Improved pregnancy rates from sexed semen
Carried out over a five-year period, the most comprehensive analysis of the performance of sexed semen in a commercial field setting ever undertaken has shown improvements in the pregnancy rates being achieved.
The results of this analysis was presented by ICBF and was based on over 1.82m conventional inseminations and 85,000 sexed semen inseminations from 2018 to 2022.
The analysis, which was undertaken by ICBF, Teagasc and the partner AI companies, indicated that the overall pregnancy rate from sexed semen on Irish dairy farms is now at 59%, compared with conventional AI at 64%. This indicates a relative pregnancy rate for sexed semen of 92%.
This is a significant improvement from the previous studies of sexed semen performance undertaken on Irish dairy farms in 2013, 2018 and 2019, which had all indicated that the relative pregnancy rate for sexed semen was approximately 84% of that achieved with conventional semen. However, each of these former studies were based on structured field trial data, whereas the current analysis is based on a statistical analysis of commercial field data.
The analysis focused solely on inseminations carried out by AI technicians from the partner AI companies – Dovea Genetics, Eurogene AI Services, Munster Bovine and Progressive Genetics – and pregnancy rates were validated against a subsequent birth event. No DIY AI inseminations were included in the analysis. Statistical analyses were undertaken of the field data, with important factors such as year, herd, parity, days in milk and cow genetic merit all accounted for in the model. Results from the study are summarised in Table 1 below.
Table 1: Summary of the performance of sexed versus conventional semen on Irish dairy farms
|Year on insemination||Semen type||Records||Pregnancy rate*||Relative performance|
|2022 only||Conventional AI||335,849||63%|
|*Pregnancy rate defined as an insemination event that resulted in a subsequent birth event.|
The results indicate that the relative performance over the five years was 92%, with incremental improvements in the technology also evident based on 2022 inseminations only (at 95% relative performance). This has been achieved through ongoing inprovements over the past five years including: improvements in the technology (i.e., sexed ultra); increases in the sperm concentration per straw (most straws now contain 4m sperm cells); and the establishment of two dedicated sexed semen labs here in Ireland, which has helped ensure greater uniformity of the sexed semen product and markedly increased the number of high EBI bulls available.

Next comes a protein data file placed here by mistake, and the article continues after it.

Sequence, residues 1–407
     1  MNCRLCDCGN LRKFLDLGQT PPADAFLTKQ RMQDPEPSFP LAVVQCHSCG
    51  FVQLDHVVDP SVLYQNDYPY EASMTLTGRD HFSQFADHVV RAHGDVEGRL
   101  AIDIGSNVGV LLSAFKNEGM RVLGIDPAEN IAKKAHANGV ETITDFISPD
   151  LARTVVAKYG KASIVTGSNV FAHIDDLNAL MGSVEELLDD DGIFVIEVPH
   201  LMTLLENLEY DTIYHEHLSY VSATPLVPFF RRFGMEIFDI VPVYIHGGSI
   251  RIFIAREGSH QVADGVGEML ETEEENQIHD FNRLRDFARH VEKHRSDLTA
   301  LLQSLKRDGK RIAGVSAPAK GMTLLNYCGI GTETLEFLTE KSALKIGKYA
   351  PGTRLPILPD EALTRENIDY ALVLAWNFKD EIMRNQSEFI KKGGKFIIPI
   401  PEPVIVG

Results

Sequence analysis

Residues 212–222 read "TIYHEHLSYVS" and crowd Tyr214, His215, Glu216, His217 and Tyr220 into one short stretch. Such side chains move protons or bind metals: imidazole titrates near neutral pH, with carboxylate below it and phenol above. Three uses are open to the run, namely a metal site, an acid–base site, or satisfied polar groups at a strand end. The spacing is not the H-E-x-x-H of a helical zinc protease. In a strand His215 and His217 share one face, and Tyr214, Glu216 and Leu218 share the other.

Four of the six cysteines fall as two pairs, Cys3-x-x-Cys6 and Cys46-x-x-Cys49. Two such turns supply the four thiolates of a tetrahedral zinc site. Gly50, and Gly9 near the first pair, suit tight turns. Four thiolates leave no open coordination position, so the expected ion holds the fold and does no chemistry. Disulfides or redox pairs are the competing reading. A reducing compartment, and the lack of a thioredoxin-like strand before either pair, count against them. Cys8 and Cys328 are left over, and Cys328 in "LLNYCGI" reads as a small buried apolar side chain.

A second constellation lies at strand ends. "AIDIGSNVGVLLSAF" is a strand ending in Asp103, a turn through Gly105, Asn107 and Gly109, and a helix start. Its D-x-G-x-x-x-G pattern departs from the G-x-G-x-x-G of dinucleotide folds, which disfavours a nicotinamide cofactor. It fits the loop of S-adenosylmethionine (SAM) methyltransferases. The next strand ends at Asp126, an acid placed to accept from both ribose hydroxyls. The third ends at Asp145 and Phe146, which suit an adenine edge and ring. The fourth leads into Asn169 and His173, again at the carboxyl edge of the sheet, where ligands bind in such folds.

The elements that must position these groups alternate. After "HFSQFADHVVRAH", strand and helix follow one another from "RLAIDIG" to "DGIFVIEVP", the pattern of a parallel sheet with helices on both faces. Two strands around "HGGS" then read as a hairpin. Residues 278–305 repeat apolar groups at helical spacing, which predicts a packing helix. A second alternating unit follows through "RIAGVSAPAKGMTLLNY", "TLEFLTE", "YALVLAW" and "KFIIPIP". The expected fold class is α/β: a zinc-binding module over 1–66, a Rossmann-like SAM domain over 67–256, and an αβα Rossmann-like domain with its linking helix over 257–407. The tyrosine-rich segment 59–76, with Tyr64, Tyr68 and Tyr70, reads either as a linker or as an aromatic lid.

Another important outcome from the analysis was that when the raw phenotypic pregnancy rate was compared, then there was no difference in the pregnancy rates achieved by the sexed semen product compared with conventional AI (i.e., both had the same pregnancy rate). This occurred, the ICBF said, because sexed semen is being used selectively on heifers and the best fertility cows, with adherence to the strict protocols being promoted by Teagasc and the partner AI companies. As a result, the phenotypic pregnancy rates for the sexed semen is biased upwards, with this bias then getting accounted for in the subsequent statistical analysis.
While the results from the current analysis were positive, they also highlighted the need for strict adherence to the protocols associated with the use of sexed semen.
Commenting on the analysis, Dr. Stephen Butler, Teagasc, noted that the results were an important outcome for dairy farmers using or planning to use sexed semen this spring.
“In the past, the relative performance of sexed semen compared to conventional was seen as a big barrier to its potential usage by Irish farmers.
"The fact that the relative performance is now 92% and improving, should hopefully encourage more dairy farmers to consider using the product in their breeding programmes this spring."
Dr. Margaret Kelleher, ICBF, who undertook the overall analysis, noted that the analysis had once again highlighted the significant herd-to-herd variation in the performance of the technology.
“Like 2013, the difference in herd performance was striking with the top 10% and bottom 10% of herds achieving pregnancy rates for sexed semen of 73% and 40% respectively, with an average of 59%”.
She encouraged herd-owners to use the new sexed semen option as part of the ICBF HerdPlus sire advice tool, as this would make the job of selecting suitable cows and the subsequent breeding of the overall herd much easier from a herd-owner perspective.
Commenting on the results, Dr. Bernard Eivers, NCBC, noting that while the results were positive, it was critical that dairy farmers do not get complacent about the technology.
“Yes, the results are good, but as an industry, we need to continue to ensure that the technology gets applied correctly on farms, otherwise there will be disappointments."
That said, he encouraged those dairy farmers that have not yet tried the technology to consider it this breeding season, adding: “Our experience is that dairy farmers starting with the technology generally will try 10-15 straws, depending on their herd size, and we would encourage more farmers to adopt this approach this breeding season.”
Dr Andrew Cromie, GM for Sexing Technologies Europe thanked Margaret, Stephen and the partner AI companies for undertaking the seminal piece of work, adding: "It is a fantastic endorsement of the collaborative nature of the Irish cattle breeding industry, that this sort of comprehensive analysis, incorporating almost 2m insemination records, could be undertaken. The fact that dairy farmers can now have access to a technology that will help them address future challenges regarding dairy male calves, including also carbon inventories, is a significant step forward.”
This article first appeared on the ICBF website.